Irish Film Institute -THE STRANGER



U.S.A. • 1946 • BLACK AND WHITE • 35MM • 115 MIN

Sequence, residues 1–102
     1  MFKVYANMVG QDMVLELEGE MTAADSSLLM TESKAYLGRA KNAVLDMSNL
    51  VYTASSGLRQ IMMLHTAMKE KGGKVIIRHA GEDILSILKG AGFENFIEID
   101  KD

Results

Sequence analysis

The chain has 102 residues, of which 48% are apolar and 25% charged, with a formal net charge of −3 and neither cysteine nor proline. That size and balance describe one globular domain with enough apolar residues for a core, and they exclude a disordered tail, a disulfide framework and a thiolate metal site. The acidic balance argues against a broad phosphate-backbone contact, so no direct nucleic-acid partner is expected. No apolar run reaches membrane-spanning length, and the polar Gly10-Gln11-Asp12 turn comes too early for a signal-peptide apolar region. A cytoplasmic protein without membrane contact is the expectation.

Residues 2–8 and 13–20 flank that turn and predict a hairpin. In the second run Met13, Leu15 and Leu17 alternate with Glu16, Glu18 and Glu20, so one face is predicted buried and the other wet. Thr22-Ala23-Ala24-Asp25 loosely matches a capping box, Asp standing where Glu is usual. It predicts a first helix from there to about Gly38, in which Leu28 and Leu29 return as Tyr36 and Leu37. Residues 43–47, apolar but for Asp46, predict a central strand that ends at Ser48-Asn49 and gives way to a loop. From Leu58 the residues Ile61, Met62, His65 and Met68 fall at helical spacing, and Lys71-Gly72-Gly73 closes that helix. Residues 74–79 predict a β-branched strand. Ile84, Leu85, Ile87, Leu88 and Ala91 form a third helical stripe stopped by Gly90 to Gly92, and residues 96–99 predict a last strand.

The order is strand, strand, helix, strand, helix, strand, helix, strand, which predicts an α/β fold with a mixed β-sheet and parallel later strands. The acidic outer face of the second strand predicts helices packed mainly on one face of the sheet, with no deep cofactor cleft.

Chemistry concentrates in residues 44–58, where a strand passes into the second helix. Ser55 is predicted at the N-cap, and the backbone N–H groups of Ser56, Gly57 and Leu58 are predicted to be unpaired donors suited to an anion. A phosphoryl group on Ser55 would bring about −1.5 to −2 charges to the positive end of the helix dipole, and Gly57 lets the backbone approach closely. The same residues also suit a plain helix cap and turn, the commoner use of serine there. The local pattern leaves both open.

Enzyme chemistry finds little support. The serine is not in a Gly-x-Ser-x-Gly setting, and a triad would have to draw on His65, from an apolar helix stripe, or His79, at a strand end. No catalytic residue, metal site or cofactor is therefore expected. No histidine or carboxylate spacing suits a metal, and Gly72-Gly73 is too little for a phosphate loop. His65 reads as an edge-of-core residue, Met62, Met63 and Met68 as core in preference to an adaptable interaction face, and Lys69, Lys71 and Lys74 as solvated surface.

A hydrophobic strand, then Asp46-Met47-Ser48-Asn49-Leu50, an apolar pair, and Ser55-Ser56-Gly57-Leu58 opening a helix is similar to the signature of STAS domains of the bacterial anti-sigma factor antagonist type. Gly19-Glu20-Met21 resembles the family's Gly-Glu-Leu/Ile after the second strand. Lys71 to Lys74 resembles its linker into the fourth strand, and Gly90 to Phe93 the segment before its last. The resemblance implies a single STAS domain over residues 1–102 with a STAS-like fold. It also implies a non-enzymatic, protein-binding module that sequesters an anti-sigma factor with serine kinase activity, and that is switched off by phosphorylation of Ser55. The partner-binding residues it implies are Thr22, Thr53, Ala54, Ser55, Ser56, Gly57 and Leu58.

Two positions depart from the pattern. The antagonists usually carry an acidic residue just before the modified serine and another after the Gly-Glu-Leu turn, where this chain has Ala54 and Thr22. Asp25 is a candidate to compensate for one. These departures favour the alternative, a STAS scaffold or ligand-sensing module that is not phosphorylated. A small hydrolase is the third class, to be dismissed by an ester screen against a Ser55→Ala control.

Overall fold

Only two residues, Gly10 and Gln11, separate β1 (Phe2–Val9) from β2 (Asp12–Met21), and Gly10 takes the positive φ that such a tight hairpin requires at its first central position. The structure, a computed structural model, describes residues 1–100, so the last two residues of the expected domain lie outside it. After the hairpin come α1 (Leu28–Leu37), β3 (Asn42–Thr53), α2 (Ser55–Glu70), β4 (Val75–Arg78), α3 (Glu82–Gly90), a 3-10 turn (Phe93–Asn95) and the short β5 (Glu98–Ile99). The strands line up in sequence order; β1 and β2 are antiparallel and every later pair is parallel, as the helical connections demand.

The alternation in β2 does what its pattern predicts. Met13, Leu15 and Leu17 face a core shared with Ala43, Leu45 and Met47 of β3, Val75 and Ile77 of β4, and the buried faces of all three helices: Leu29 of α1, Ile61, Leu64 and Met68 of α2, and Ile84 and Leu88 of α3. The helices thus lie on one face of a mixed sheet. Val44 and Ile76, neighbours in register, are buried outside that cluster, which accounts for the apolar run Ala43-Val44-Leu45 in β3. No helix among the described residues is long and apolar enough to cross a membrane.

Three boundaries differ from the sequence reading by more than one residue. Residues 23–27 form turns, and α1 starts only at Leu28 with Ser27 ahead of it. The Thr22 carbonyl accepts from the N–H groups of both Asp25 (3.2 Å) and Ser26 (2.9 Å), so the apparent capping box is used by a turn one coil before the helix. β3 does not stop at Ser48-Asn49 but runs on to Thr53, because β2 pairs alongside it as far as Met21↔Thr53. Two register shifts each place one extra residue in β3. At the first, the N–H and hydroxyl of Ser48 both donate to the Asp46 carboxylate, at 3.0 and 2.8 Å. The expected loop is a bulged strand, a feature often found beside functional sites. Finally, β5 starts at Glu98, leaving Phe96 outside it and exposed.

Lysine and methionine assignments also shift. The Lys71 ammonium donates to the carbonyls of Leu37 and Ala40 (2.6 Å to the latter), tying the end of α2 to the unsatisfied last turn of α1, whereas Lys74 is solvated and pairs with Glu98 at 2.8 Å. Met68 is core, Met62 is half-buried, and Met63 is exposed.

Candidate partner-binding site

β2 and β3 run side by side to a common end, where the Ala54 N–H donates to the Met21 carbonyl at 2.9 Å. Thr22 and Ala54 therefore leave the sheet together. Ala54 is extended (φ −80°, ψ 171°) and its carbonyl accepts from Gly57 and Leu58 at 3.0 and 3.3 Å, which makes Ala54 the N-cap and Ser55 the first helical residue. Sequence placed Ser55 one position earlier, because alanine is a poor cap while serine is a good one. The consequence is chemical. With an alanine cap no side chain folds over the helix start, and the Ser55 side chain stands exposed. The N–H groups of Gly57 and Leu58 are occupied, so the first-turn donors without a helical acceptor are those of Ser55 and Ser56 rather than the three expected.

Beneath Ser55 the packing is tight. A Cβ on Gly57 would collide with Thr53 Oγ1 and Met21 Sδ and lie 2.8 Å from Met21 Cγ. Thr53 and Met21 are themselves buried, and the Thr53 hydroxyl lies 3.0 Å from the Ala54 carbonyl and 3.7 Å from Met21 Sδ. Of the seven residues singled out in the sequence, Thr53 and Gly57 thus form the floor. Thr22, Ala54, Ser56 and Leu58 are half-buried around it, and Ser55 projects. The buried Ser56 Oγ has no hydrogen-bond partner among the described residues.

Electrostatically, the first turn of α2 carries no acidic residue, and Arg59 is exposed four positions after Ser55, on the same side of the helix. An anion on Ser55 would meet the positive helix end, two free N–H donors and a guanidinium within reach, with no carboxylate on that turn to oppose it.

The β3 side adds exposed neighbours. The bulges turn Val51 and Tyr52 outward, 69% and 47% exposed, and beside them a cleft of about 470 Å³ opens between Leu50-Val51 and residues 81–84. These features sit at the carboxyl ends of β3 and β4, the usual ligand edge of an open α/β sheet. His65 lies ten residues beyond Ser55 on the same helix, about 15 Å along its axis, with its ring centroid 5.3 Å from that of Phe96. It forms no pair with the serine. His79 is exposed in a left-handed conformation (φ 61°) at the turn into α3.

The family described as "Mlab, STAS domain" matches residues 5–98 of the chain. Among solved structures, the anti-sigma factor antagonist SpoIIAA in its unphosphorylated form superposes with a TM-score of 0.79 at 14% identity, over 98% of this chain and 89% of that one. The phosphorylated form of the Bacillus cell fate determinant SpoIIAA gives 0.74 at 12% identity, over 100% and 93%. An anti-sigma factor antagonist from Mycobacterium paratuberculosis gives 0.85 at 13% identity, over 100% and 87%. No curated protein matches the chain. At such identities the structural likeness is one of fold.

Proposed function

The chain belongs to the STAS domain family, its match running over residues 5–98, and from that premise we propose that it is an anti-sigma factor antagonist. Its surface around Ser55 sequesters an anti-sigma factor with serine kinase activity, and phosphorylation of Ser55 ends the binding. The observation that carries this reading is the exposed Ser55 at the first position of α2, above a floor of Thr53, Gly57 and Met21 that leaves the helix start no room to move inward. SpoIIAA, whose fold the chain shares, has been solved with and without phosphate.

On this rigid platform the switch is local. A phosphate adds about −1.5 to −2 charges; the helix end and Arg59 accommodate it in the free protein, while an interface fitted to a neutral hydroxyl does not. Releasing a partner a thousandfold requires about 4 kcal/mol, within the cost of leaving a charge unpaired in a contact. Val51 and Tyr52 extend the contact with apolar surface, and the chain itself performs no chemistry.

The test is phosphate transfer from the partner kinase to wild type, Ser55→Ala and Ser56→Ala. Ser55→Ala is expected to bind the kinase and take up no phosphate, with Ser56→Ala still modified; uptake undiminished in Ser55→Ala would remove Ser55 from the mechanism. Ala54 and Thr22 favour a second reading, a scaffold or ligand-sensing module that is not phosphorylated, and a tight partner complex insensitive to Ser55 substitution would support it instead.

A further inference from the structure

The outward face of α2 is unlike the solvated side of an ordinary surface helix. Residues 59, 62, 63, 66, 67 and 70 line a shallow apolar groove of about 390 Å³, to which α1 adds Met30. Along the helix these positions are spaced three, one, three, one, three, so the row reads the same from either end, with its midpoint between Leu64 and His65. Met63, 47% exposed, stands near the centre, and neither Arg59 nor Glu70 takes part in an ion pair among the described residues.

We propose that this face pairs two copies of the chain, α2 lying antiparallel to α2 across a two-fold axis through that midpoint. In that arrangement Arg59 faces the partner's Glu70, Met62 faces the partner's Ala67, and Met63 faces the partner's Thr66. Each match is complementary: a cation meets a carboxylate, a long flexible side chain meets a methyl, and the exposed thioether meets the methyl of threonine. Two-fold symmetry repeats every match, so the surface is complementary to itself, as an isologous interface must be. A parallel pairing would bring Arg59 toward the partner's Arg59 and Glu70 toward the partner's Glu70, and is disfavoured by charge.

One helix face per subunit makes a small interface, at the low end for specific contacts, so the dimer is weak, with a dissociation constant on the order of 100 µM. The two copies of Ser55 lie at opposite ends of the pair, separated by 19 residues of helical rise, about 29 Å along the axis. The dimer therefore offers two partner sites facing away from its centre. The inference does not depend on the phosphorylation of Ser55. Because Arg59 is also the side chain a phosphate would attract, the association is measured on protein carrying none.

Co-written by an uncredited John Huston, this superb thriller concerns an ex-Nazi (Welles) hiding out in New England and being pursued by a war-crimes investigator (Edward G. Robinson). Welles was dismissive of the film and certainly his performance is not overly subtle, the ostensibly innocent schoolteacher signalling his guilty past by such gaffes as whistling Deutschland uber alles and doodling swastikas in a telephone booth. Nonetheless, direction and editing are razor-sharp, small-town America is acidly etched, and the clock-tower finale is a great Welles set-piece, probably inspired by the clock-face scene of Harold Lloyd’s Safety Last!, a film Welles loved. The Stranger also has a serious subtext. Like Edward Dmytryk’s Till the End of Time (1946) and William Wyler’s The Best Years of Our Lives (1946), it disquietingly discloses Fascist stirrings in post-war America. Robinson is the good guy here but two years on, in John Huston’s superb allegory Key Largo, he will play a Fascist gangster whose methods seem prophetic of McCarthy — at the time a rising senator from Wisconsin who had very nearly been opposed in the election by a young actor called Orson Welles.

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